• Nematodes. A moderate negative correlation between shear strength and nematode population was observed with ‘r’ value of -0.57.
  • Soil Moisture. Correlation analysis revealed a weak positive correlation between shear strength and soil moisture with a correlation coefficient ‘r’ of 0.38.
Table 2. Correlation analysis of below-ground measurements with shear strength. Using the average data of each measurement over the 2023 season (Apr-Sep). The number value stands for the coefficient of correlation ‘r’ which ranges from -1 to 1. ‘r2’ stands for the coefficient of determination which ranges from 0 to 1.

Correlation Analysis Practice Putting Green (3-year -old) Correlations ranked from highest to lowest

  • Organic Matter. A very strong negative correlation between shear strength and organic matter accumulation with ‘r’ value of -0.84.
  • Soil Moisture. A strong positive correlation between shear strength and soil moisture with a correlation coefficient ‘r’ of 0.64.
  • Nematodes. A strong positive correlation between shear strength and total nematode populations was observed with ‘r’ value of 0.62.
  • Root Length. A weak negative correlation between shear strength and root length with ‘r’ value of -0.23.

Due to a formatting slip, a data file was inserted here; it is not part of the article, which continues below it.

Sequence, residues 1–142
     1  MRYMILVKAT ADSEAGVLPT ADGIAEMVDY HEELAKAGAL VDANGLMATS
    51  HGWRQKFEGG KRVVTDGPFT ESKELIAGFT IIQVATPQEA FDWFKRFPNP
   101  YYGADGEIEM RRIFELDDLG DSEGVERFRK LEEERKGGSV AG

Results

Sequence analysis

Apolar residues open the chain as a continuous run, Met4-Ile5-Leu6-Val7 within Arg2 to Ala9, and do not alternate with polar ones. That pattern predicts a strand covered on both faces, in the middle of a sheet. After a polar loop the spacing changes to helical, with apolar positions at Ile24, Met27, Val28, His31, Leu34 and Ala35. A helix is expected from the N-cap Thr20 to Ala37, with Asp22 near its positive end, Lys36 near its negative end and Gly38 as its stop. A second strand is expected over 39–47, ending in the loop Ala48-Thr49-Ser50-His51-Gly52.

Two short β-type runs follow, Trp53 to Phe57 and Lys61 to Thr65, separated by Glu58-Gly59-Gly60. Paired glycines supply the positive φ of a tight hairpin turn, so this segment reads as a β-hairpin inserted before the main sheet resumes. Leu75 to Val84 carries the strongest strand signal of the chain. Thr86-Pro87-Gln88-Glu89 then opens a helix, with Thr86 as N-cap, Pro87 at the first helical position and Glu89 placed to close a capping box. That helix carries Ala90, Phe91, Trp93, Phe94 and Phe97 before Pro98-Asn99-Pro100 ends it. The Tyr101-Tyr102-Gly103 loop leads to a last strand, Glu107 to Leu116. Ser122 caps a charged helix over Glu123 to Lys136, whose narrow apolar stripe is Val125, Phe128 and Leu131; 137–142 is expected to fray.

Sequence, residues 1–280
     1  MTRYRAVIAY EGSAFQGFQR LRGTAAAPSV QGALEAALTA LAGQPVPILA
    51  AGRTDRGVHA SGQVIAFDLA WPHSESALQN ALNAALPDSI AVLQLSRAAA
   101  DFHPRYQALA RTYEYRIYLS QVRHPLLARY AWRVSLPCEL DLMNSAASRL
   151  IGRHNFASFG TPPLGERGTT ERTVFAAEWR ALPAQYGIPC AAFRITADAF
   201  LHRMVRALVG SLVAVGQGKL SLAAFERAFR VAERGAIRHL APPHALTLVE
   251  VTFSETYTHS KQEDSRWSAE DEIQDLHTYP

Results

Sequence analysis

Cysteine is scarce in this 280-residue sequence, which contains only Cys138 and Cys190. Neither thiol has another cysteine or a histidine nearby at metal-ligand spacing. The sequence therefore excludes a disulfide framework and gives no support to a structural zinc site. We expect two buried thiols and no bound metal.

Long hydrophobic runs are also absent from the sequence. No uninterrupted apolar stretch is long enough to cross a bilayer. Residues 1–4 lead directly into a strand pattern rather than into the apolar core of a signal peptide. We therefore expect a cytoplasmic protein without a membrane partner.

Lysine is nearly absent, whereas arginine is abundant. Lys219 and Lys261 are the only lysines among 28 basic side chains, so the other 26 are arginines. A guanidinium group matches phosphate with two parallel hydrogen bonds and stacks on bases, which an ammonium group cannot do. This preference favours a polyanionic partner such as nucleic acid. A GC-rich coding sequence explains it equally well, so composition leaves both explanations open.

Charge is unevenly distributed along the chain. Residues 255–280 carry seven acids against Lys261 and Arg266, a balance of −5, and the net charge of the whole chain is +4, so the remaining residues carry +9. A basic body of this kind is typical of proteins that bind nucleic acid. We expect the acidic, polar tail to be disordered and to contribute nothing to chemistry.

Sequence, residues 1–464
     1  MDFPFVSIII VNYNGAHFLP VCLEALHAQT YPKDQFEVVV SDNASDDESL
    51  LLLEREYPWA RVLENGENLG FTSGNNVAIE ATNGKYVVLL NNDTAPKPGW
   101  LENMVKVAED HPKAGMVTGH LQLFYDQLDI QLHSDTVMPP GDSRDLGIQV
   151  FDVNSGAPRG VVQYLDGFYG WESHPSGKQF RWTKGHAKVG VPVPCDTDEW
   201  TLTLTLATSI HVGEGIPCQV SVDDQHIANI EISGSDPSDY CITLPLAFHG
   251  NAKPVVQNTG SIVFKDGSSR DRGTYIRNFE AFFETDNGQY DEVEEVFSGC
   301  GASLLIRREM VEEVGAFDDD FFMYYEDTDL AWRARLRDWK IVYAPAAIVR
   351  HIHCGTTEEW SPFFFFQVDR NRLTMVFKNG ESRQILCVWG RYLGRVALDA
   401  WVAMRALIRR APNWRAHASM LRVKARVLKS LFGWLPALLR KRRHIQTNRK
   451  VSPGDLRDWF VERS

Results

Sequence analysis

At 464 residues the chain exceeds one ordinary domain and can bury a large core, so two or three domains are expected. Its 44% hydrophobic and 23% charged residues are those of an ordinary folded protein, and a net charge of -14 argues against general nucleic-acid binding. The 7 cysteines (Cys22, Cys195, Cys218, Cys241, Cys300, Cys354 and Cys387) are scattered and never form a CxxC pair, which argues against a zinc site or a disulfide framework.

Table 3. Correlation analysis of below-ground measurements with shear strength. Using the average data of each measurement over the 2023 season (Apr-Sep). The number value stands for the coefficient of correlation ‘r’ which ranges from -1 to 1. ‘r2’ stands for the coefficient of determination which ranges from 0 to 1.

Final Image

‘Little Gem’ Magnolia is a favorite small tree in the southeastern United States. Settle, May 15, 2024

“Magnolia is an ancient genus that appeared before bees evolved. They are theorized to have evolved to encourage pollination by beetles instead. Fossilized specimens of M. acuminata have been found dating to 20 million years ago, and fossils of plants identifiably belonging to the Magnoliaceae date to 95 million years ago.” For more see Magnolia on Wikipedia here.

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CDGATurfgrassProgram

Written by Derek Settle, PhD & Shehbaz Singh, MS. Mission: Provide science-based turfgrass research and diagnostics to 400+ member golf courses/superintendents.